He just posted a full color script of the movie on his blog. Really cool, but only look at it if you have seen the movie, because it tells the whole story.
    A few of the plot points changed, but you can get an idea of what one of their near final drafts looked like.


    Also, here is a cool picture of one of the subplots that was dropped. Originally, Muntz wanted Kevin’s egg because it could reverse old age. I don’t think that it was a coincidence that Russel was shaped like an egg and all of Ellie’s photos were in circular and ovular frames.


  27. Sarah Hogg

    I saw UP recently, and I loved it. From the pre-show “short” to the very end. It was richly complex and yet simple enough for very young children to grasp its plot and overtures. One simple aspect that I appreciated was that no one in this movie “had it made.” At the end of the movie, everyone had lost something, but the protagonists had gained something deep and life altering that could not have been obtained without sacrifice and disappointment. It was an excellent lesson that the death of a dream does not necessarily mean the death of all good things in one’s life.

    Spoiler alert!

    The biggest critique I had of the movie (and perhaps I am being picky) was that there was no mercy or redemption for the “bad guy.” They literally killed him! Even the bad dogs survive a major plunge over a cliff in the movie (when the footage pans out, you can see them swimming far below in a river). But the man in the movie who needed the lesson of letting go, of love and forgiveness, most is denied a chance when he is thrown over the side of the blimp! It could have been an easy thing for Pixar to show him gently floating down to the forest (he did have a grasp on a few balloons), but they didn’t. And then none of the other characters seemed to deal with the fact that someone had just been killed before their eyes! They go on to take his dogs and his balloon as their own. That was a bit shocking, and I think that would be hard to justify to a child (if they noticed it).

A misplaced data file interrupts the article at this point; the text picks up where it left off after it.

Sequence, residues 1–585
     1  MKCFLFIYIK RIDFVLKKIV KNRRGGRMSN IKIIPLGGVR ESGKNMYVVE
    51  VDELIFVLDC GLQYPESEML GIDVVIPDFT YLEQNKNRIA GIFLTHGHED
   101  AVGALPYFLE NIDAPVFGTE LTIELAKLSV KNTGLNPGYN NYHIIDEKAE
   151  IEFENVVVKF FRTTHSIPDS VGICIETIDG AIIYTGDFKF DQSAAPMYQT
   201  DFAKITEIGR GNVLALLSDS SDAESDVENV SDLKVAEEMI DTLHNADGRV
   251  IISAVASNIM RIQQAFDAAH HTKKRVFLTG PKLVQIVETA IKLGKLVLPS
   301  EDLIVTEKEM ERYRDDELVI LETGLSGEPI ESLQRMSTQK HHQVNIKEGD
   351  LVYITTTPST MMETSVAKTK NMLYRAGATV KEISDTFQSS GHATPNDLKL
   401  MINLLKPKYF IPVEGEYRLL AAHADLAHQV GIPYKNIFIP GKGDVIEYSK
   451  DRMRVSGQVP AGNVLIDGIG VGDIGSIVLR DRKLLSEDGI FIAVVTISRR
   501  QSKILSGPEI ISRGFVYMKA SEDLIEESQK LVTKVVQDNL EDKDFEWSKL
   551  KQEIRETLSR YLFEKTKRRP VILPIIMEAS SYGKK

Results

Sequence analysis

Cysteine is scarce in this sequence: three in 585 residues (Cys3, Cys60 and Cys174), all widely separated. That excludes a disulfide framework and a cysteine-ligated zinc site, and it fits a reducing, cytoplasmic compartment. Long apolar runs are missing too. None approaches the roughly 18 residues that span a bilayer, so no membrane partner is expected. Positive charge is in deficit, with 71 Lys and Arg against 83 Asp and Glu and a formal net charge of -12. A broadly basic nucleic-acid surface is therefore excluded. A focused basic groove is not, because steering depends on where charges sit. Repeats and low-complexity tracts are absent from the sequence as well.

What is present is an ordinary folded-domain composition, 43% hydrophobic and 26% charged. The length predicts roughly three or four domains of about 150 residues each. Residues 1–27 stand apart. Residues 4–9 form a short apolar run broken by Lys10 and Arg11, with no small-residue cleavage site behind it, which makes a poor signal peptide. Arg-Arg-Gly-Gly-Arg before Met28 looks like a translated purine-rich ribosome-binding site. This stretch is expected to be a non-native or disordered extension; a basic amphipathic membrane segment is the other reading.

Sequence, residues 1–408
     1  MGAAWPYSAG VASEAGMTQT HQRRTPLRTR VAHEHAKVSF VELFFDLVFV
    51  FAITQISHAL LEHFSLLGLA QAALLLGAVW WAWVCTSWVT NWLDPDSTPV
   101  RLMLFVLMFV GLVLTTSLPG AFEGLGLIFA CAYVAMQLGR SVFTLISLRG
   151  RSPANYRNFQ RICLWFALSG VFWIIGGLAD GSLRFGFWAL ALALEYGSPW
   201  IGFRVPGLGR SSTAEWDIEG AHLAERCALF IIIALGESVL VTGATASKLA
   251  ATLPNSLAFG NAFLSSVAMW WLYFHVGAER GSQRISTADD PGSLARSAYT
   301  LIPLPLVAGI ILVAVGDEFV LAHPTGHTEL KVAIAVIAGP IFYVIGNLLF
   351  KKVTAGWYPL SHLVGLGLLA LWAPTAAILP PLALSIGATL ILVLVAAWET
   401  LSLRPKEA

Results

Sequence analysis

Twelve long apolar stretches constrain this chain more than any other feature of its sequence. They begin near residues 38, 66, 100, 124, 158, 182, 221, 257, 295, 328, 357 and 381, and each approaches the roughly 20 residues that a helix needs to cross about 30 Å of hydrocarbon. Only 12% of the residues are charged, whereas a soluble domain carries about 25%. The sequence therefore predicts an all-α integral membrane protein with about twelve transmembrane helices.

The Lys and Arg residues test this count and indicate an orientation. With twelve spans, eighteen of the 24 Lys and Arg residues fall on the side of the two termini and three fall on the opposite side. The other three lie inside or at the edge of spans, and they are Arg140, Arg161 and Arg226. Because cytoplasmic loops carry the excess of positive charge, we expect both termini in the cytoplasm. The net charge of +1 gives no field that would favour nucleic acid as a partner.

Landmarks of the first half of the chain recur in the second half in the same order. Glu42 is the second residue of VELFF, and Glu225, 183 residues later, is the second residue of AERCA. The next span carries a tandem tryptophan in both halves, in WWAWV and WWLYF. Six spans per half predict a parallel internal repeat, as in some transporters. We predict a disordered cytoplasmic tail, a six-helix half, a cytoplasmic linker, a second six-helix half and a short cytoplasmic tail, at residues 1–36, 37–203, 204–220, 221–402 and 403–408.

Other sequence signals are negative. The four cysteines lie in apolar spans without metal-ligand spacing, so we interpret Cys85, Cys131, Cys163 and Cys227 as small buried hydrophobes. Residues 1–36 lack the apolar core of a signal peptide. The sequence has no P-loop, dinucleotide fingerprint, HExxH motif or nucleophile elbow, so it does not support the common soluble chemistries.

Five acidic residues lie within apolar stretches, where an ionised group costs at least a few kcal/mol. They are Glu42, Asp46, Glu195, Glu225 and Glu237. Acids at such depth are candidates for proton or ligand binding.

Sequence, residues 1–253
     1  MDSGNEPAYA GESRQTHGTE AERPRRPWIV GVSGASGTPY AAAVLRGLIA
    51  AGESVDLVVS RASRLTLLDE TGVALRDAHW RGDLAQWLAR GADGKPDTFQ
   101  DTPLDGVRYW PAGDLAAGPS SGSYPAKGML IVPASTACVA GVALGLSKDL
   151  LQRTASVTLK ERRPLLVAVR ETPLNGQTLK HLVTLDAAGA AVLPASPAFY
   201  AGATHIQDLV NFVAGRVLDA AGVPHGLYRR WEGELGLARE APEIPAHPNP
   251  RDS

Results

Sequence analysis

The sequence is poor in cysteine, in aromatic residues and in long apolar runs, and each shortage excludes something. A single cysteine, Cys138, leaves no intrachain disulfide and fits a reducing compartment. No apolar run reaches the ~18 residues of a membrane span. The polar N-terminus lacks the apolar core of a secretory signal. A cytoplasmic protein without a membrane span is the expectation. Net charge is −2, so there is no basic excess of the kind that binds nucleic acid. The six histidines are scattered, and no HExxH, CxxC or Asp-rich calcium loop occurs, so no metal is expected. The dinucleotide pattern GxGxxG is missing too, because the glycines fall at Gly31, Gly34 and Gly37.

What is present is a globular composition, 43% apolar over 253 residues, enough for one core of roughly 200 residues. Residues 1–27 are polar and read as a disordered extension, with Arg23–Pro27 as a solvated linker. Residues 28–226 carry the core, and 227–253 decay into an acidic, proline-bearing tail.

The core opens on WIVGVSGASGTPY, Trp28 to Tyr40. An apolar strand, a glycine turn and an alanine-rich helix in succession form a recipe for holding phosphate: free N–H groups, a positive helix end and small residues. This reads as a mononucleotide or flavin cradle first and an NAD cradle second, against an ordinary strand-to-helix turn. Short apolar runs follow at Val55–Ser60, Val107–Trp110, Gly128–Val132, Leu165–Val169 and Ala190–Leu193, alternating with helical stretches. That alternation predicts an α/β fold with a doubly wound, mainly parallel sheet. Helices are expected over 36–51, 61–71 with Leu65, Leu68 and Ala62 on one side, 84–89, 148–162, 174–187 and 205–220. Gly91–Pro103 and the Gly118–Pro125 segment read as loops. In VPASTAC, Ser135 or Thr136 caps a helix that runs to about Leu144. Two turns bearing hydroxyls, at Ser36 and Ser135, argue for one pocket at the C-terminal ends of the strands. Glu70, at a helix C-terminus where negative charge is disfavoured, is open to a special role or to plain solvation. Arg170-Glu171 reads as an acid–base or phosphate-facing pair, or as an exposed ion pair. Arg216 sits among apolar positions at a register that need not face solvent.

Other than that, it was a beautiful movie and well worth seeing. I highly recommend viewing it in 3D!

  28. John Barber

    I finally saw UP this weekend, and it totally blew me away. What I mostly loved (beyond the things that everyone else has already mentioned) was the tiny details – a smudge of dirt on Russell’s hand, the tennis balls on Carl’s walker. Things like that, things that would have been overlooked in a lesser movie.

    The conversation between Carl and Russell where Russell is telling Carl about buying ice cream with his dad and sitting on the curb absolutely killed me – when he finishes with “I love that curb,” it is emotionally devastating.

    I loved this movie in a completely different way than WALL-E, which I also loved. Instead of leaving the theater with a sense of awe, I was left introspective, thinking about my marriage, and how I spend my time. I thought about the things that I’m carrying around that could end up like so many smashed dinosaur bones.

    That makes for a good movie.

  29. Barbara Reynolds

    Touching, beautiful score, all the things I’d never expect in a kid’s movie. But then it’s not strictly a kids’s movie. It is a triumph. I reveled in all of its sweet lessons and my 5 year old grandson was enchanted. I think the last time I cried in a Disney movie was Dumbo or Snow White. This proves you dont have to be vulgar, loud and offensive to entertain.

  30. Breann

    Have any of you watched the bonus feature, “The Many Endings of Muntz” on the Up DVD? Sarah Hogg, I think this will answer some of your questions about why Pixar chose the ending they did.

  31. Pete Peterson


    Breann, I bought the DVD a couple of weeks ago but didn’t buy the version with that feature. I’m dying to know what the other endings were, though. Can you tell us?

  32. Breann

    At first, they tried to find some way to redeem Muntz. Muntz would shout out to Carl, “You don’t know what it’s like to lose something!” and Carl would retort, “I lost everything! I lost my wife. That’s why I’m here.” But that always fizzled out as “Why are they sitting around talking?”

    They had to consider Muntz’s role in the film. His comeuppance had to be subservient to the protagonist’s story. Muntz was the inciting incident that got Carl and Ellie going, and Carl would have become Muntz had he been allowed to (had Russell not shown up). So if that part of Carl needs to die off, then Muntz as a reflection of that needs to die. That’s his job in the story.

    They considered an ending of perpetual wandering. Muntz chases Kevin into her labyrinth, realizes the Kevin he thought he was chasing is actually a balloon decoy, and is lost forever in the maze of the labyrinth. The problem was that this ending felt more like Muntz’s than Carl’s.

    That’s when they decided to combine the two and came up with the scene on the zeppelin. They boarded one ending where Muntz was caught in the balloon strings and floated upward, but that was indeterminate and left the audience to wonder if there might be a sequel. So in the end, they let Muntz plummet to his death. The moment Muntz died, Carl died. And in my favorite scene of the movie, Carl watches as the house floats into the distance.